Having completed my time in Poland, I am fascinated at the differences in the museums between there and France. Leaving France I was dissatisfied with some of the museums, specifically the Caen museum, and the interpretations of the French war experience. I was frustrated with the lack of recognition France had for its role in the murder of its Jews. It mentioned the deportation or killing of other European Jews before it mentioned French Jews. It also tended to focus more so on the role of other countries in the Holocaust as opposed to France’s role. Before going to the Schindler Museum, I believed the interpretation of Polish war experience would be similar to the French: overshadowing, if not outright denial, of complicity against the Jews. I was surprised, however, to listen to our tour guide discuss how there were both good and bad Polish people. For example, she discussed the Volksdeutsch, Polish people who were able to become German and gain advantages under the German occupation, sometimes at the expense of the Jews.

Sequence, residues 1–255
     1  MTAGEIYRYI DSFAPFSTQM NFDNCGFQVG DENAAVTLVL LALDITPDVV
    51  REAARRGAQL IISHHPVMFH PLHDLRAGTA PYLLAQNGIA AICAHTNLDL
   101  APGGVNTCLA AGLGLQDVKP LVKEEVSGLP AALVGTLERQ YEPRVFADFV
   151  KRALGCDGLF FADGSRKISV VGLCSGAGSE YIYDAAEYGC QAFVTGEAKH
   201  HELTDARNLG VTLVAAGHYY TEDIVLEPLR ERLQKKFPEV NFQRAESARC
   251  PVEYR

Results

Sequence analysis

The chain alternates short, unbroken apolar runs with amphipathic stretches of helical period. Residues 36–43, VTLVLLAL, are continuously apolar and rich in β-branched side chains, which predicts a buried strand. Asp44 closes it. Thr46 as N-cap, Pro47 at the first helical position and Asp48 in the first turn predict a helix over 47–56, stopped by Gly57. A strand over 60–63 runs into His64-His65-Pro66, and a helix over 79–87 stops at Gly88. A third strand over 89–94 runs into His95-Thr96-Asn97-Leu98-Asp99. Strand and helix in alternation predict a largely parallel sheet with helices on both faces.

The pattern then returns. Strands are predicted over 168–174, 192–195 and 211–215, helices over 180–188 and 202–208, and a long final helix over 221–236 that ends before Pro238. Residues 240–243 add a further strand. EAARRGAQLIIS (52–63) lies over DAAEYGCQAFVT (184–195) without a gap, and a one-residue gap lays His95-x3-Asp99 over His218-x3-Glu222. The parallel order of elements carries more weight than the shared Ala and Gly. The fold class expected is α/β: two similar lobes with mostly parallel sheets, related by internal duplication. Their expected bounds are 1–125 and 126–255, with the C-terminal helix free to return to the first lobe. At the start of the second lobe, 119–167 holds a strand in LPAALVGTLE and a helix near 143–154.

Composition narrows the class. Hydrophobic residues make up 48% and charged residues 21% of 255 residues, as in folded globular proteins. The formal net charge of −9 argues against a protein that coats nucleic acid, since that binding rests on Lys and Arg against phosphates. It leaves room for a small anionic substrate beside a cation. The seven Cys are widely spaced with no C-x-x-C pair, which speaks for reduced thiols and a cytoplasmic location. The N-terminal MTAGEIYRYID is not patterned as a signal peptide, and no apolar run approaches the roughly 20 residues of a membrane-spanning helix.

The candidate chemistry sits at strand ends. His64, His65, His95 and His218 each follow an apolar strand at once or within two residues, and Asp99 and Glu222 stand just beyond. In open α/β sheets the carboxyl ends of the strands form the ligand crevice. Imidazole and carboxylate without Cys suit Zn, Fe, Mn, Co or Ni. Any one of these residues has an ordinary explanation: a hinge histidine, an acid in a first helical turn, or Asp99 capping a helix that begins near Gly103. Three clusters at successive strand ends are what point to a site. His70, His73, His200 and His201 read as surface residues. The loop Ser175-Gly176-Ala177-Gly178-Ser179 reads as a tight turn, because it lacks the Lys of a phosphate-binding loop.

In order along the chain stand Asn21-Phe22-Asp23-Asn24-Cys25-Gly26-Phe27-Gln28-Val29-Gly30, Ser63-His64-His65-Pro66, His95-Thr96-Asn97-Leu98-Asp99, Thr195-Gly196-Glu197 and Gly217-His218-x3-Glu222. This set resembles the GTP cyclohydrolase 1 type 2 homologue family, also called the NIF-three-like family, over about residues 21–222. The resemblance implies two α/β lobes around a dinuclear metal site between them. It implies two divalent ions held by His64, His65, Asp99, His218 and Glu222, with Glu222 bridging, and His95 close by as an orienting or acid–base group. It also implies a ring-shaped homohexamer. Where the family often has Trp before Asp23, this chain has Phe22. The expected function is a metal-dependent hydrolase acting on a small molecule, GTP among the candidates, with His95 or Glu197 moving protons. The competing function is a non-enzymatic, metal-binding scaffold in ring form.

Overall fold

Another stark difference between the Schindler Museum and the Caen Museum was the attitude towards defeat against the Germans. In the Caen Museum there was a poster that read, “Invaded but not Conquered.” For the French, the identity of France as a nation still remained, only temporarily controlled by the Germans. The Schindler Museum showed that Poland’s experience was not the same. Even though they had been preparing for a German invasion, their defeat meant being conquered and not merely invaded. These two differing attitudes also meant they viewed their resistance differently. The Caen museum portrayed resistance as exemplary, so much so that a quip stated that France was liberated by the summer of 1944 with or without the help of the Allies. While the Schindler Museum recognized Polish resistance, the tour guide also explained the uncomfortable acceptance of Soviet help to expel the Germans. Altogether, these differences helped exemplify the differing war experiences between the two countries, and how each remembers their own story.